A conflict of objectives in the conception of youth protection is that, on the one hand, young people are still minors and some elements of the idea of child protection are also applicable to young people (e.g. the idea that young people must also be protected against age-inappropriate challenges), on the other hand However, compared to children, adolescents can hardly be distinguished from adults in terms of their level of maturity, whose rights and obligations they acquire at their 18th birthday (in Germany and many other countries). If the protection of minors is excessive, there is a risk that young adults will not meet the requirements of their new role.
The differences in the regulations in different countries indicate the difficulty of finding the "right" regulation, although at least in the western pluralistic societies the realities of life of the young people do not differ significantly. On the one hand, there is traditional thinking and historical experience, combined with concern for the well-being of the next generation. On the other hand, children and adolescents develop in many ways more quickly than adults want to admit it ( puberty ), which should actually be encouraged and at most carefully directed, but not slowed down or ignored. However, this development does not proceed equally quickly and in the same way for all young people. In addition, there is the increasing plurality of society and technical progress, which increasingly confront young people with opportunities, freedom and personal responsibility, for example when using the Internet . The differences of opinion and conflicts that arise in this area of tension are emotionally charged and are therefore well suited to political and media populism . It is therefore difficult for the individual to judge what exaggerated extreme cases are, what is a social problem, and what is actually quite normal and okay.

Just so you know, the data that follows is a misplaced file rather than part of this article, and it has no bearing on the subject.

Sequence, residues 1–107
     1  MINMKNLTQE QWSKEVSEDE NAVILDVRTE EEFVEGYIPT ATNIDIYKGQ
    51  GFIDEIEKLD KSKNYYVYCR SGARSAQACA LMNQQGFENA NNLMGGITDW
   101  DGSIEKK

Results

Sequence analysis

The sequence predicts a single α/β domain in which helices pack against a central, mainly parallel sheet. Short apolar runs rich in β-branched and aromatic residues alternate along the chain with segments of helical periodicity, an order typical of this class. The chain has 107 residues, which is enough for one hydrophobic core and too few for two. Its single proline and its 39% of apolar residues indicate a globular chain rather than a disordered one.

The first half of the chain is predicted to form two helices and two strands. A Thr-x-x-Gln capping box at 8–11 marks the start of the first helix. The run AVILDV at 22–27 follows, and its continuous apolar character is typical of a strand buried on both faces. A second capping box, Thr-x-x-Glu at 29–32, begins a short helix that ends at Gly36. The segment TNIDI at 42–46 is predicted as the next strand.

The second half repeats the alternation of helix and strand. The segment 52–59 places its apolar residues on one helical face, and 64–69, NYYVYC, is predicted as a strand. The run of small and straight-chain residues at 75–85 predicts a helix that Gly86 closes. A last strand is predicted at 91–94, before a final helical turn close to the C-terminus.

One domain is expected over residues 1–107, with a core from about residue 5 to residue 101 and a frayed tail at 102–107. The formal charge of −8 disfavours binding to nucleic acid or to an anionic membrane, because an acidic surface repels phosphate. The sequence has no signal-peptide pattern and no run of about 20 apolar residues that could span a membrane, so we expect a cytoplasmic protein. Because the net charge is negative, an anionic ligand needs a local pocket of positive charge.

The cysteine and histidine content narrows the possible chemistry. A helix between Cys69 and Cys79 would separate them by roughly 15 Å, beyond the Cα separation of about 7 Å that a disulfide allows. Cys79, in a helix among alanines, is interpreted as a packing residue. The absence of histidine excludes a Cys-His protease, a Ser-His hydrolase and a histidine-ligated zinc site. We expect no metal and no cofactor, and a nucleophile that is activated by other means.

Especially since the assessment changes over time. An example is the sexuality of young people (or of unmarried people in general), which is no longer a hot topic today, whereas it was completely different thirty or even fifty years ago. In this respect, it is actually not possible or useful in any pluralistic society to find a clear consensus and to cast this into laws that are strictly enforced. Rather, the legislature tends to follow what has long been general practice and loosens rules, the violation of which is de facto no longer punishable. Examples from Germany are the deletion of the " Kranzgeld Paragraph" in 1998 or Section 175 of the Criminal Code on the prohibition of homosexuality, which existed in a relaxed form until 1994. Both also affected young people.